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Hemochromatosis Treatment assisted by vein finder

Hemochromatosis Treatment

Hemochromatosis is a disorder where too much iron builds up in the body. which also called “iron overload.” In hemochromatosis, the body absorbs too much iron from the foods we eat, and it has no way to get rid of it.

So, it stores the excess iron in the joints and organs like the liver, heart, and pancreas. This damages them. If it’s not treated, hemochromatosis can make organs stop working.

There are two types of this condition — primary and secondary.

* Primary hemochromatosis: is hereditary, meaning it runs in families.

* Secondary hemochromatosis: happens because of sole conditions such as liver disease, certain kind of anaemia, and getting a lot of blood transfusions.

Phlebotomy or venesection is the most commonly used treatment for hemochromatosis. There are 2 main stages to treatment:

* Induction:  blood is removed frequently (usually weekly) until iron levels are normal; this can sometimes take up to a year or more.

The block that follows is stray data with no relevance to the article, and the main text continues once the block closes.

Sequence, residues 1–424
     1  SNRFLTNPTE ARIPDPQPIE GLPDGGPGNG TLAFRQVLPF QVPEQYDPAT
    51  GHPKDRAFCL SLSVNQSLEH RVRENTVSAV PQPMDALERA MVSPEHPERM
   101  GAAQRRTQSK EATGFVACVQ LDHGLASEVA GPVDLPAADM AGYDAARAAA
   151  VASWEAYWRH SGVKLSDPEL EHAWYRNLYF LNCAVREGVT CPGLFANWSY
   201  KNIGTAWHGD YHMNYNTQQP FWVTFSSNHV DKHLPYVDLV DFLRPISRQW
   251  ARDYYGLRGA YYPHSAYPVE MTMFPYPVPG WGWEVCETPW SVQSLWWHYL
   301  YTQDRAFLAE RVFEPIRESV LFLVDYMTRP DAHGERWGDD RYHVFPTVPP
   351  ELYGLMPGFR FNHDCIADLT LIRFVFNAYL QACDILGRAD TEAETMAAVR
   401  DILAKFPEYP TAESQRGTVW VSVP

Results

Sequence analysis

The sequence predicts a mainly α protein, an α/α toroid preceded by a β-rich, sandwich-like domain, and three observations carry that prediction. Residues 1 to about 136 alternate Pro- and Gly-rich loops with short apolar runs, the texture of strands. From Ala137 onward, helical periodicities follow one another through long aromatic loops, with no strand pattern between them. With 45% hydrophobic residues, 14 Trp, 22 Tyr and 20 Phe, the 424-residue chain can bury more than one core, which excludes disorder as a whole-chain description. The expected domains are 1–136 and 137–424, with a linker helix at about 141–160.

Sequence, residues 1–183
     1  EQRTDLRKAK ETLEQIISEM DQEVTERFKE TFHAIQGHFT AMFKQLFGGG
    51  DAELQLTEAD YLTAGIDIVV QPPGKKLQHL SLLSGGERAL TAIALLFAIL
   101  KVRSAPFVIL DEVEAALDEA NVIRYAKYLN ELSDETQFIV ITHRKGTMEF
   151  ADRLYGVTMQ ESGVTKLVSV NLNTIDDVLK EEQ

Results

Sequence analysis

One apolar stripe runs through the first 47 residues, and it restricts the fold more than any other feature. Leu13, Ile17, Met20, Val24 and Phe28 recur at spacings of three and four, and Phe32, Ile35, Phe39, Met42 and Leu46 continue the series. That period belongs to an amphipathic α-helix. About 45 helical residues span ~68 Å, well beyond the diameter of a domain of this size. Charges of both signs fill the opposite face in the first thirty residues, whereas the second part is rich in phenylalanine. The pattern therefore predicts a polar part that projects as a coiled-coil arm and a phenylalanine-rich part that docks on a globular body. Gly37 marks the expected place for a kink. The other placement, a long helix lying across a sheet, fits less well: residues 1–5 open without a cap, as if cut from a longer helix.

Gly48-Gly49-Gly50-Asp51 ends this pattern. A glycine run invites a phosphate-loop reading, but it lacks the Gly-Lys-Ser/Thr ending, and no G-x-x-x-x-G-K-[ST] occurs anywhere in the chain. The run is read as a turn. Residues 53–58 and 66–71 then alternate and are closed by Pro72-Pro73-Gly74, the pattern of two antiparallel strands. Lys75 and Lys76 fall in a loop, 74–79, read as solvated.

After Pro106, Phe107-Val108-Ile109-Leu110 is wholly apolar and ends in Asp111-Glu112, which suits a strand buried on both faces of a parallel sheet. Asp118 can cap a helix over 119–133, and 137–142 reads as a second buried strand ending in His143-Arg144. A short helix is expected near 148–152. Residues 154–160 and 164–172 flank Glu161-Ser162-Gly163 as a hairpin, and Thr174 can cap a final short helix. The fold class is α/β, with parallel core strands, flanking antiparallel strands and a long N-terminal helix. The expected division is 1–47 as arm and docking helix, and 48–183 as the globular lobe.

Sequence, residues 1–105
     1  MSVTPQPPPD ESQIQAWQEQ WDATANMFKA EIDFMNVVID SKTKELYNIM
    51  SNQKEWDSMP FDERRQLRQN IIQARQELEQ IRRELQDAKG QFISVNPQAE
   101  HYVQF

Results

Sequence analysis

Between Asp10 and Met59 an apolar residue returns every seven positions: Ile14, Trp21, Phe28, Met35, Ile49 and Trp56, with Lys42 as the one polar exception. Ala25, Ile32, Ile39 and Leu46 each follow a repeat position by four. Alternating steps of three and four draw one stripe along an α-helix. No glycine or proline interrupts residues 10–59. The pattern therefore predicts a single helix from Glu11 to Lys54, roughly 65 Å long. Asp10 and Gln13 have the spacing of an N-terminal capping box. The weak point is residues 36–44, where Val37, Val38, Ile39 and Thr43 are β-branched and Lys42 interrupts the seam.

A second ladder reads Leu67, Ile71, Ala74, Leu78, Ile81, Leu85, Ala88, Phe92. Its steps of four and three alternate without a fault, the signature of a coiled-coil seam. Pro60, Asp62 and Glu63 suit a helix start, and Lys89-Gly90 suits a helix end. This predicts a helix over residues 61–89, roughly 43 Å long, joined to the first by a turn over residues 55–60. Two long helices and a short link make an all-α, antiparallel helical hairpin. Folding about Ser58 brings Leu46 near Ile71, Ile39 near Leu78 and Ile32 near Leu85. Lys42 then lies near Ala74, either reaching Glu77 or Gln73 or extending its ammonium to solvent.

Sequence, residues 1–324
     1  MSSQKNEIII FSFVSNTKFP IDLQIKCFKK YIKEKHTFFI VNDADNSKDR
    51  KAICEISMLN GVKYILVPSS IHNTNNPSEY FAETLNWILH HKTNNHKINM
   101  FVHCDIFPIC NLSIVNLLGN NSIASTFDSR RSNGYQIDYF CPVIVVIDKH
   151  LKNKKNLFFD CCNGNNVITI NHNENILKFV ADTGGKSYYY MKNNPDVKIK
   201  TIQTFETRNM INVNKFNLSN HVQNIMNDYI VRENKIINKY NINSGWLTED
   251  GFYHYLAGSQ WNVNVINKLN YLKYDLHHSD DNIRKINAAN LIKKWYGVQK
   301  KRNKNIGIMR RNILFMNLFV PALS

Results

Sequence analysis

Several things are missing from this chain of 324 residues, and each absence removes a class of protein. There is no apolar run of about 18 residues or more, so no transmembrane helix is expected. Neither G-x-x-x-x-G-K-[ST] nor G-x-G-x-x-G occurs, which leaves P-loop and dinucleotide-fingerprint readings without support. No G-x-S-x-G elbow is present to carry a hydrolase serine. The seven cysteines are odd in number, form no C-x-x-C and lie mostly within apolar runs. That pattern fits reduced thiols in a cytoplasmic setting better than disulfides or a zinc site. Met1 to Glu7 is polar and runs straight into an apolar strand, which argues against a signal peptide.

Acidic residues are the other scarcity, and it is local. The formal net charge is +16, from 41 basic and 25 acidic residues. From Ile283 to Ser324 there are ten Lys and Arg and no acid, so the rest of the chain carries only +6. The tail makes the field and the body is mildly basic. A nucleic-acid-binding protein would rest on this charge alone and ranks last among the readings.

Maintenance: blood is removed less often (usually 2 to 4 times a year) to keep iron levels under control; this is usually needed for the rest of life.

Vein finders are necessary in this case to make the whole procedure easier and smoother since repeated injection of needles can be very uncomfortable and cause harm to the veins.

For example, the FDA Portable Vein Detector SIFVEIN-5.2  has a decent customizable brightness, which allows doctors and nurses to customize the image brightness depending on the light in the room and the patient’s skin tone.

It uses infrared technology that interacts with the blood colour and illuminates the veins beneath the skin surface, making a visible vein map on the patient’s hand and arm.

Using SIFVEIN-5.2 in assisting phlebotomy in the treatment of Hemochromatosis can prevent complications in patients with symptoms or organ damage. Plus, the use of a vein finder would aid the phlebotomist, doctor or nurse to easily locate the vein, banning any possible fail diagnosis and even more prevent discomfort and pain to the patient.

References: Treatment HemochromatosisClinical applications of therapeutic phlebotomyWhat is hemochromatosis?

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